Even as California’s beverage recycling rates plummet, a relatively new carpet industry stewardship program is continuing to trend in a positive direction aimed at keeping more old carpets out of state landfills.

Launched just five years ago as a result of California law AB 2398, the carpet industry created the California Carpet Stewardship Program to increase the diversion and recycling of carpet in the state of California.

Since that time, the effort has focused on keeping old carpets out of landfills so they can be recycled, reused or diverted. In fact, the Carpet Stewardship Program is the only program approved by the California Department of Resources Recycling and Recovery (CalRecycle) functioning in this space.

Overall, diversion rates have shown significant growth. In just five years, more than 575,000 metric tons of carpets have been kept out of landfills. The benefits of diversion are huge, especially in reducing greenhouse gas and carbon dioxide emissions.

To put this in perspective, the carpet stewardship program has diverted enough carpet to result in a reduction in 62.6 million pounds of carbon dioxide emissions from automobiles. That is equivalent to taking 121,594 passenger cars off of California roads and eliminating more than 1.3 billion miles driven by California motorists.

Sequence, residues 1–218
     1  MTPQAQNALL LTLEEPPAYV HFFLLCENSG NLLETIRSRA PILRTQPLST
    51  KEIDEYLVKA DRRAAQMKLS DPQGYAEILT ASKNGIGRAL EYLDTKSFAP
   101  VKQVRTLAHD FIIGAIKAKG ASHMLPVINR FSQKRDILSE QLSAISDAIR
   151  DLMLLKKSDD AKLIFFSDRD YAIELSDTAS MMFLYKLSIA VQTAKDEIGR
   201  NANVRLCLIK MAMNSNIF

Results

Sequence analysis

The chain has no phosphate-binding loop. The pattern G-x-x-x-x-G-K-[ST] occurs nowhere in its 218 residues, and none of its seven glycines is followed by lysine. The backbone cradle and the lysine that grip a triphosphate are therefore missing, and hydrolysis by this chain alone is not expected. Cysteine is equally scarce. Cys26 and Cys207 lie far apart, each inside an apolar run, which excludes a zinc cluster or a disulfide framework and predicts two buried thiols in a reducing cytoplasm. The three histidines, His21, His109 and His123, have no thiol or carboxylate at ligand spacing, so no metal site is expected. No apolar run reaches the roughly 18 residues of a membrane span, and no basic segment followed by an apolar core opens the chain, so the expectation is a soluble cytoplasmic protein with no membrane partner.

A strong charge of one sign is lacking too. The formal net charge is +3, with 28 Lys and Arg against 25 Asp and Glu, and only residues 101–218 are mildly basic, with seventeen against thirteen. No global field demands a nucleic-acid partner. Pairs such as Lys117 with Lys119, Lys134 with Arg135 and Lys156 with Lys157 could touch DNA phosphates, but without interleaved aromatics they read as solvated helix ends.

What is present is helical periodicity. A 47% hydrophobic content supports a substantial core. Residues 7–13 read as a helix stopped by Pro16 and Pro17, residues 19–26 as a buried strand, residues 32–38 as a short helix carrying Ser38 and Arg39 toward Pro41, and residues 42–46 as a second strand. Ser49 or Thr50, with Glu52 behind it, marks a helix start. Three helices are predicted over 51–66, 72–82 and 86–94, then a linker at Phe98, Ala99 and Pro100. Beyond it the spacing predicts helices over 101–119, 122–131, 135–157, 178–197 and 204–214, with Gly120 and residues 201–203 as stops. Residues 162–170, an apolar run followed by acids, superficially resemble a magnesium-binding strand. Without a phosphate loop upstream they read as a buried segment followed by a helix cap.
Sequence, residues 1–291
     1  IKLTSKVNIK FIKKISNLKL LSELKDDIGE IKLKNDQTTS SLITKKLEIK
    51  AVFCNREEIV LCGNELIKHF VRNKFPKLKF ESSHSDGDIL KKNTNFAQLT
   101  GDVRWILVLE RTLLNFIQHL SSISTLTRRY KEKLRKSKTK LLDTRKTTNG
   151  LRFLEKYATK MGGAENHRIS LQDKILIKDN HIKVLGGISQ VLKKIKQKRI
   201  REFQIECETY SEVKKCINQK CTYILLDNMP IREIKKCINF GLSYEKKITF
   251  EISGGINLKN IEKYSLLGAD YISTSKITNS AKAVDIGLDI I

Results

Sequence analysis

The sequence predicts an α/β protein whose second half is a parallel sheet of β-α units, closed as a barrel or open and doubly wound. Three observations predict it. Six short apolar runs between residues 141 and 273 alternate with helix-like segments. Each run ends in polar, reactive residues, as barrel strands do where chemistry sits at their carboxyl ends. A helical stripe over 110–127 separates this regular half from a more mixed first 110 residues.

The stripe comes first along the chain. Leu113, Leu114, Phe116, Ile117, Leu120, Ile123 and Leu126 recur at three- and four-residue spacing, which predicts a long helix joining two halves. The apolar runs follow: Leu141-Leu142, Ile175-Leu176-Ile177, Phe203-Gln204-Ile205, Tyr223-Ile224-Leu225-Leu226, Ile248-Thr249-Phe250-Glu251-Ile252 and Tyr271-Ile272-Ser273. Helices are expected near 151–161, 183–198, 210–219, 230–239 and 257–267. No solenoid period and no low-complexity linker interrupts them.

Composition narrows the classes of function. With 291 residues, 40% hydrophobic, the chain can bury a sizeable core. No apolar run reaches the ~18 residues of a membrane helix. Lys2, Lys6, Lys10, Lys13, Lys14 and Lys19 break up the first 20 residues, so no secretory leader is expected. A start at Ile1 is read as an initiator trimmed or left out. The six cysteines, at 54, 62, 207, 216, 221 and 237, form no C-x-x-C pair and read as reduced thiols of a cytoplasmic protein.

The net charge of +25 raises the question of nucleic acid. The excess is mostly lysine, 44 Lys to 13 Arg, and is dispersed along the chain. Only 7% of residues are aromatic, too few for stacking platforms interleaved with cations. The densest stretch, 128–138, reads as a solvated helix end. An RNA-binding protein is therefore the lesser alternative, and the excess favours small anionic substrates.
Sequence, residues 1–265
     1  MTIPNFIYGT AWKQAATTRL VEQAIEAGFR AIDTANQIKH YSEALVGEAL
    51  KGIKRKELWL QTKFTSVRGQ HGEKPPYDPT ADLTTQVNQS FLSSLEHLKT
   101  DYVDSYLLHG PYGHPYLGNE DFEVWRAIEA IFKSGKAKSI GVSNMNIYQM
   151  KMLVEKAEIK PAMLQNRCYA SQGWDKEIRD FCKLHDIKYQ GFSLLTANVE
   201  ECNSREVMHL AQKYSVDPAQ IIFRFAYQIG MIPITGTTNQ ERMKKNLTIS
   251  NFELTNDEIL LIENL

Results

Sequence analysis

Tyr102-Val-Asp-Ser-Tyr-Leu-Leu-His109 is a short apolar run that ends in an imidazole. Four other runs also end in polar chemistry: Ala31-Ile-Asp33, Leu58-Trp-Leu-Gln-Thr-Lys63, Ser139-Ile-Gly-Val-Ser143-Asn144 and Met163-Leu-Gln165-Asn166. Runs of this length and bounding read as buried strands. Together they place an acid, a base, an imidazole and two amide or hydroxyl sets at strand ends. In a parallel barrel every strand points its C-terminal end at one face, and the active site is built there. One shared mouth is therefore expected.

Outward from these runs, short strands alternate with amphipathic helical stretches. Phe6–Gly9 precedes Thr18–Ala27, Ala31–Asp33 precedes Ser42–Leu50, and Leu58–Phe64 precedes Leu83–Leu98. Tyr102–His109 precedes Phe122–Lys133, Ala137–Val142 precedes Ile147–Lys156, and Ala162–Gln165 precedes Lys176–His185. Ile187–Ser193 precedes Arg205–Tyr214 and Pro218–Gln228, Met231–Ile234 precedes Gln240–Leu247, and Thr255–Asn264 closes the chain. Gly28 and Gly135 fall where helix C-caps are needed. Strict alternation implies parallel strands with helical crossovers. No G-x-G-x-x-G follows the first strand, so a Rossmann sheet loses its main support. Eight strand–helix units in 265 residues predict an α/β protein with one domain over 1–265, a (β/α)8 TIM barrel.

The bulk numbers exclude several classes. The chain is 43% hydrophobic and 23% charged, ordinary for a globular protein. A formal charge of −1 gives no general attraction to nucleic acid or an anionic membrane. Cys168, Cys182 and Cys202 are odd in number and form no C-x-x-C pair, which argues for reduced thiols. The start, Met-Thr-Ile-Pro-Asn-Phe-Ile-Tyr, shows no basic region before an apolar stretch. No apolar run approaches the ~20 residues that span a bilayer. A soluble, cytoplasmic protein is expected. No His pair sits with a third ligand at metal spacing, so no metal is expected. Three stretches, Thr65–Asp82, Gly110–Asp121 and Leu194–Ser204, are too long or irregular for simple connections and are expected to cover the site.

Despite significant market challenges – including decreased demand for recycled carpet, inexpensive new materials and lagging recycling technology – the stewardship program has shown an upward trend for recycling. From 2011 to 2016, the industry has diverted enough carpet to blanket the entire city of Santa Cruz more than twice over, or alternately over 17,500 football fields.

Today there are more than 250 collection sites for carpet recycling covering 42 of California’s 58 counties – accessible to 72% of state residents. The carpet stewardship program is working on the continued expansion of public drop-off locations. By the end of this year it is expected that every county in California will have at least one such drop-off center.

Like any program of this magnitude, patience, a steady approach and modest initial expectations are required for long-term success. The carpet industry is in this for the long haul; we appreciate our partnership with CalRecycle, which should be commended for taking the necessary time to nurture this program in a way that balances ambitious goals with realistic expectations and an appreciation for the unpredictable used-carpet marketplace. Through cooperation and a unified commitment, industry and CalRecycle are continuing to build a world-class recycling infrastructure that will increase green jobs and divert more and more old carpets from landfills and into newly recycled products.

Peoples is Executive Director of the Carpet American Recovery Effort (CARE), an industry group dedicated to advancing market-based solutions that increase landfill diversion and recycling of post-consumer carpet, encourage design for recyclability and meet meaningful goals.